“I don’t think this is any different. I also don’t understand why one council stated it would take more than five years to find information relating to their spending. If accurate, that filing system is a tremendous waste of taxpayers’ time and money.”
*A fifth of councils didn’t adhere to the Freedom of Information Act*
Under Section 10 of the Freedom of Information Act 2000, public authorities must respond to a request for information no later than the twentieth working day following the date of receipt. However, of those approached regarding the request, 22% of councils either did not acknowledge the request or failed to respond within the specified time limit.
Only one council gave an excuse for the freedom of information request being delayed and that was due to it being “mixed up” with a very similar one.
Andrew continued: “Our investigation demonstrated inefficiencies at the heart of local government. Yet, we were surprised by the organisations which didn’t even respond to the request in time. As far as I can tell, either they decided to ignore the request or it got lost in the system. Regardless of which option, it demonstrates basic problems with how local councils process and respond to information.”
The request revealed councils were wasting money on expensive printer ink
Gathering data from a fifth of all principle councils in the country, Cartridge People requested information relating to printing costs as well as determining if the body used original branded products (OEM).
43% of the councils approached by Cartridge People confirmed they used original branded products. 56% couldn’t give specific details related to their ink consumption. OEM are original cartridges straight from the manufacturer, such as Canon. However, these are far more expensive than remanufactured ink, generally costing between 40% and 60% more. Remanufactured cartridges are also virtually identical to original products and far better for the environment.
Of those who responded, it was revealed the average council spends £68,694 on printer ink annually. Extrapolating this to all principle authorities within the UK, it is estimated this expense costs councils £28 million every year.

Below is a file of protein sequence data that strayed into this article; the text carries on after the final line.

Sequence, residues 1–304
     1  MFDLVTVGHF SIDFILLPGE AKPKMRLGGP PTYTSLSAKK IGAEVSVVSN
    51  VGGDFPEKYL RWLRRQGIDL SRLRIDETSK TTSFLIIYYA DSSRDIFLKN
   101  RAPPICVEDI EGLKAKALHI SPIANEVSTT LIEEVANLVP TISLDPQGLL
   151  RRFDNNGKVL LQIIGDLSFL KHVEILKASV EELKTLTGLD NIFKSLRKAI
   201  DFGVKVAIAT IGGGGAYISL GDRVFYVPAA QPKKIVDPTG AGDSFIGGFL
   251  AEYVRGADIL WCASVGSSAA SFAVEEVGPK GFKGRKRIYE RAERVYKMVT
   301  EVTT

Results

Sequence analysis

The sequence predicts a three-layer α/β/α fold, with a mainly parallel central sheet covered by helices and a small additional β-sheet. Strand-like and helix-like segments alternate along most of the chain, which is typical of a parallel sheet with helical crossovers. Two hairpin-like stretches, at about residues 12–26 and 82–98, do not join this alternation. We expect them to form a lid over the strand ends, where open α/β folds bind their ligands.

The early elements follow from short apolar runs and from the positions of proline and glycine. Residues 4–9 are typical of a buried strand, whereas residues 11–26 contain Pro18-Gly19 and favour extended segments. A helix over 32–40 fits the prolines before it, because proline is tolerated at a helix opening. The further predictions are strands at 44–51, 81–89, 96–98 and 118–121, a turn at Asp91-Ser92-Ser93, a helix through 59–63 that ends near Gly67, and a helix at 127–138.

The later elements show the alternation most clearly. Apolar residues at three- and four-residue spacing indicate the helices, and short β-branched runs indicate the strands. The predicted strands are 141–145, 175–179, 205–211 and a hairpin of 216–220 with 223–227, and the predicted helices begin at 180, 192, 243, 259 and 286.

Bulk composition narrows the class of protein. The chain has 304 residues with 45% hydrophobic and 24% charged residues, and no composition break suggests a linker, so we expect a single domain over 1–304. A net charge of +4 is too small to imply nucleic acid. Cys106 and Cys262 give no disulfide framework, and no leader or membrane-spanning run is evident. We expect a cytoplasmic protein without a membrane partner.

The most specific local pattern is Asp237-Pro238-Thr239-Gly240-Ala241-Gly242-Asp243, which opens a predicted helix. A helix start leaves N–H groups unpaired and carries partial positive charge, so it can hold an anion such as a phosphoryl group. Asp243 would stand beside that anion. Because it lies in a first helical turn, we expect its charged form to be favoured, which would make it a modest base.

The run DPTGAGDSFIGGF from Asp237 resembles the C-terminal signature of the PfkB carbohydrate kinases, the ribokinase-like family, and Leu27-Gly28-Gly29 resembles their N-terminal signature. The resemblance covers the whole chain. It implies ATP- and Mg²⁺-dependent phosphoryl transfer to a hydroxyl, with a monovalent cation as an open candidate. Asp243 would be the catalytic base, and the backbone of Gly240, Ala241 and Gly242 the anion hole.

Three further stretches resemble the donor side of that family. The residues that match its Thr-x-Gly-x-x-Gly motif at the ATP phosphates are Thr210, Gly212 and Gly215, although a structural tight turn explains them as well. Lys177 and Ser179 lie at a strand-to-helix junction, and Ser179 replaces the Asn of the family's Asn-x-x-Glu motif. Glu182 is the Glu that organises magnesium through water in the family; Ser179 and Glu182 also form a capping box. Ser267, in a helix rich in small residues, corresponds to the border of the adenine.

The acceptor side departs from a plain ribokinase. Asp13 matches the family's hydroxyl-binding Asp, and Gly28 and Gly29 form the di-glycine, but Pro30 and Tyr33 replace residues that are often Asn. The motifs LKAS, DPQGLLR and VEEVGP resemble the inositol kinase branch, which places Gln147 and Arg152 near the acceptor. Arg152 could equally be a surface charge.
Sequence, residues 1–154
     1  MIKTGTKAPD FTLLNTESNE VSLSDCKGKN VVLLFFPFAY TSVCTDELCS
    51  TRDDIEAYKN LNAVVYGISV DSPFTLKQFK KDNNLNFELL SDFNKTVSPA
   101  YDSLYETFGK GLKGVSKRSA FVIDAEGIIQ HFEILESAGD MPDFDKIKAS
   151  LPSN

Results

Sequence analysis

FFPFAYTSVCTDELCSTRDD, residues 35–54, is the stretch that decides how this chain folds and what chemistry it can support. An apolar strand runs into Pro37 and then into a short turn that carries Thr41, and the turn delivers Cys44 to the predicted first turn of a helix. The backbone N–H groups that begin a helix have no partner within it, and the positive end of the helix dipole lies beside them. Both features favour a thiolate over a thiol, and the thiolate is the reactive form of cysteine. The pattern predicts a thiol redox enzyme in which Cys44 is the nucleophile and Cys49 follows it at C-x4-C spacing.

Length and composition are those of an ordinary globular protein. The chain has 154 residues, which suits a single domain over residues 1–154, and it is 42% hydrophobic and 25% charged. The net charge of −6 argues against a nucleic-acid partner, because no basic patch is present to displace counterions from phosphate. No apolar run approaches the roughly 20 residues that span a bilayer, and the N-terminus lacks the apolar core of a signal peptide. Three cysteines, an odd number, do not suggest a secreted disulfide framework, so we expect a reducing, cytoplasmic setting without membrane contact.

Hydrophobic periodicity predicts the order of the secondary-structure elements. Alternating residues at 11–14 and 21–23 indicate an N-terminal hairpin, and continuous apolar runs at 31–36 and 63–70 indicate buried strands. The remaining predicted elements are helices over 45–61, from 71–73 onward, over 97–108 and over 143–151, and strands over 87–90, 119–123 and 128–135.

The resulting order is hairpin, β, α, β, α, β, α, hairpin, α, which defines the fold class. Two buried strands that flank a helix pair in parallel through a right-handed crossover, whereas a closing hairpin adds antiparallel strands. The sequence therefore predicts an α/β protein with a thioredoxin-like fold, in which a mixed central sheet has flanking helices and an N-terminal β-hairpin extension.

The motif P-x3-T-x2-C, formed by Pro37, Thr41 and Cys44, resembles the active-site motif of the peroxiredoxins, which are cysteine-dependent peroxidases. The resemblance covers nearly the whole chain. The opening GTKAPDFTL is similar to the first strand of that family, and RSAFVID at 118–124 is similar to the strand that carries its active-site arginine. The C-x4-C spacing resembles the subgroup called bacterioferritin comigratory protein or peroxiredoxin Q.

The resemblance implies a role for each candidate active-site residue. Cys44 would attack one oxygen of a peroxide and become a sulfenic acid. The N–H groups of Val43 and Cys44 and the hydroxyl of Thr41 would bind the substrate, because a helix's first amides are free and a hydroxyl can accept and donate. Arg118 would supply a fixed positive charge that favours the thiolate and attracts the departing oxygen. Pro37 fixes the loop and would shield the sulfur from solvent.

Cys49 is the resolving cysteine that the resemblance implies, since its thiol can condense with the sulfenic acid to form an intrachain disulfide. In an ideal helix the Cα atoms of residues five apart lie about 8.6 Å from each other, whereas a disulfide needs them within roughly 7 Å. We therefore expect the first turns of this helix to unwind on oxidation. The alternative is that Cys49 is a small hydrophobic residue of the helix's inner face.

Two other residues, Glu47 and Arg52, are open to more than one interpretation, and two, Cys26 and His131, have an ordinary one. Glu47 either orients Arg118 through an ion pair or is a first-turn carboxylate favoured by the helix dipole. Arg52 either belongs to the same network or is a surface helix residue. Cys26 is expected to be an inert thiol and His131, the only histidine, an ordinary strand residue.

Even assuming just 43% of these authorities are using OEM, a figure which is likely to be an understatement, those councils switching to reusable cartridges could cut their ink costs by a combined £5 million - the equivalent cost of filling 96,000 potholes in England and Wales.
*About this research*
This research was conducted by Cartridge People which sent out 93 Freedom of Information requests to principal councils across the UK. There are a total of 418 of these in the UK so we had a sample size of around 21% (or one fifth).
We asked councils three questions, broadly these were:
- How much money has been spent in TOTAL on office printers, paper and ink and toner cartridges for each financial year?
- Please provide a breakdown of how much has been spent on replacement ink cartridges, printer maintenance and replacement paper for each individual financial year over the same period.
- Could you confirm that all the ink and toner cartridges purchased were original branded products?
*About the author of this press release*
Tom Chapman is a publishing specialist working for CandidSky - a digital agency based in Manchester. The organisation works for Cartridge People on its marketing campaign.
If you have any questions regarding this research or the press release, please email Tom on firstname.lastname@example.org or phone 0161 956 8963
*About Cartridge People*
Cartridge People is a provider of ink cartridges based in Crewe. The organisation supplies home users, businesses, educational establishments, local authorities and government departments.
This press release was distributed by ResponseSource Press Release Wire on behalf of CandidSky in the following categories: Consumer Technology, Business & Finance, Public Sector, Third Sector & Legal, for more information visit https://pressreleasewire.responsesource.com/about.